Back in late October, I wrote that VistaPrint (NASDAQ:VPRT) looked poised for a strong quarter, especially with the Christmas season drawing near. The company did not disappoint -- on its latest earnings report, the stock surged 14.16% to an all-time high of $41.45. However, the valuation is getting frothy.

In the fiscal second quarter, revenues surged 76.2% to $64 million, marking the company's 26th consecutive quarter of sequential organic growth. In all, VistaPrint acquired 687,000 new customers (a 53% annual increase), and about 64% of bookings came from repeat customers.

During the quarter, net income increased 52.1% to $8.3 million, or $0.18 per share. However, gross margins fell from 67.9% to 64% year over year, squeezed by introductions of new, lower-margin products and increased costs to meet spikes in demand.

Still, these troubles were fairly minor. VistaPrint had an outstanding quarter, and the company expects an eventual improvement in its gross margins.

VistaPrint owes its success to a highly disruptive business model, allowing small businesses to get high-quality print products at low prices. offers a variety of tools to allow for customizing letterhead, business cards, and brochures. Once users have sent the company their orders, the jobs are batched up, processed, printed, and delivered through the company's sophisticated back-end operations. This complex system relies on proprietary technologies; VistaPrint has been granted 15 patents, and more than 40 total are pending.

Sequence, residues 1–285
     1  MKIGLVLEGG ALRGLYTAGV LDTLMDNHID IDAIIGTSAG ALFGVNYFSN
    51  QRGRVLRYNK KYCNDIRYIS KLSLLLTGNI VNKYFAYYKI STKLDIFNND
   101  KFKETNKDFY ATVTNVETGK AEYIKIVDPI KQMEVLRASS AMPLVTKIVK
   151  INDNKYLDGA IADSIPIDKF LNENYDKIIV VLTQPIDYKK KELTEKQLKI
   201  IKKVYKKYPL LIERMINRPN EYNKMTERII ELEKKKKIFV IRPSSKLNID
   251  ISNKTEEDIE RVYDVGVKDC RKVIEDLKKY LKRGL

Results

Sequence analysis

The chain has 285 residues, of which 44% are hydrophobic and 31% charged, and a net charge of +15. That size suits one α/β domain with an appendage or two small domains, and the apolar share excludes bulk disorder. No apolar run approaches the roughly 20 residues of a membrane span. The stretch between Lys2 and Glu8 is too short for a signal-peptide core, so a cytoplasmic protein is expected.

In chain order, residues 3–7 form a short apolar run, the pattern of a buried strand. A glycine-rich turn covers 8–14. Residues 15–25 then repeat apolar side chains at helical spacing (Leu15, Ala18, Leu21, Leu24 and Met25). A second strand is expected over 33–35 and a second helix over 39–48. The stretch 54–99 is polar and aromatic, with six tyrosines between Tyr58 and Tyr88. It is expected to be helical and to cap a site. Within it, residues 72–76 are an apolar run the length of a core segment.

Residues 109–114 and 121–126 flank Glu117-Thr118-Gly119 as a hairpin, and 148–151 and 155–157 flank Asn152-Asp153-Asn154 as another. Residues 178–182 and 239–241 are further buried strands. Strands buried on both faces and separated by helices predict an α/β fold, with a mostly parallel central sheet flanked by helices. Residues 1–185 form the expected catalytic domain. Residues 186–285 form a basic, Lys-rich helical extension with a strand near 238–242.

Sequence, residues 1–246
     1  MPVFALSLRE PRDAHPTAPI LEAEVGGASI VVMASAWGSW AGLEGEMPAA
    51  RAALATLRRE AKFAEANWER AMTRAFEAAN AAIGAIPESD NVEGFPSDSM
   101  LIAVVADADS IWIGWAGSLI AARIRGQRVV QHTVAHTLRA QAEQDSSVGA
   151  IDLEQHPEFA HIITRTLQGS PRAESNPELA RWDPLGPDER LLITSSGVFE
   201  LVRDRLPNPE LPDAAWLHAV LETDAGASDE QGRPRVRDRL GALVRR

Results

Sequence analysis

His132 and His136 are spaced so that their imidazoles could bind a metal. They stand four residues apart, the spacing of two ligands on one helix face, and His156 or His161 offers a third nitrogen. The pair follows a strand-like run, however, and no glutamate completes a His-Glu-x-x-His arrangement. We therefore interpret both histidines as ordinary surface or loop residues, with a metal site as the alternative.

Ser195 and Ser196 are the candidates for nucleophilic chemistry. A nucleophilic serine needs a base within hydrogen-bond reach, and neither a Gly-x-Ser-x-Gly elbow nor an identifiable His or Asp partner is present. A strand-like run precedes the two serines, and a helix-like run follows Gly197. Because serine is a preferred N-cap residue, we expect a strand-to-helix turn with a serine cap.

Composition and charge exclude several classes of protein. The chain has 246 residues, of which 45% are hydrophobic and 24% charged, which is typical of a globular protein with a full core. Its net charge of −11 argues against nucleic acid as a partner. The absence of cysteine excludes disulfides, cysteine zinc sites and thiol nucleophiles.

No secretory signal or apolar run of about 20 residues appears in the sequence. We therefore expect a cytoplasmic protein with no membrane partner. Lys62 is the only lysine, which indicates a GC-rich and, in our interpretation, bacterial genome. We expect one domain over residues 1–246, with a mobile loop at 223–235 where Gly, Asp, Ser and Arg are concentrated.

More and more, VistaPrint looks like a classic supercompany, destined to rank with Dell, Starbucks (NASDAQ:SBUX), (NASDAQ:AMZN), or eBay. The company has a scalable operation, a large customer footprint, and a vast market opportunity. Better still, all its current growth has come without acquisitions.

The stock has had a big run-up lately; it has nearly doubled since July, and its valuation now stands at about 9.5 times revenues. But keep in mind that on a quarter-by-quarter basis, there has been lumpiness in the company's performance and volatility in the stock price. For investors, it makes sense to wait for a better price.

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Fool contributor Tom Taulli does not own shares mentioned in this article. He is currently ranked 1,623 out of more than 21,000 participants in Motley Fool CAPS.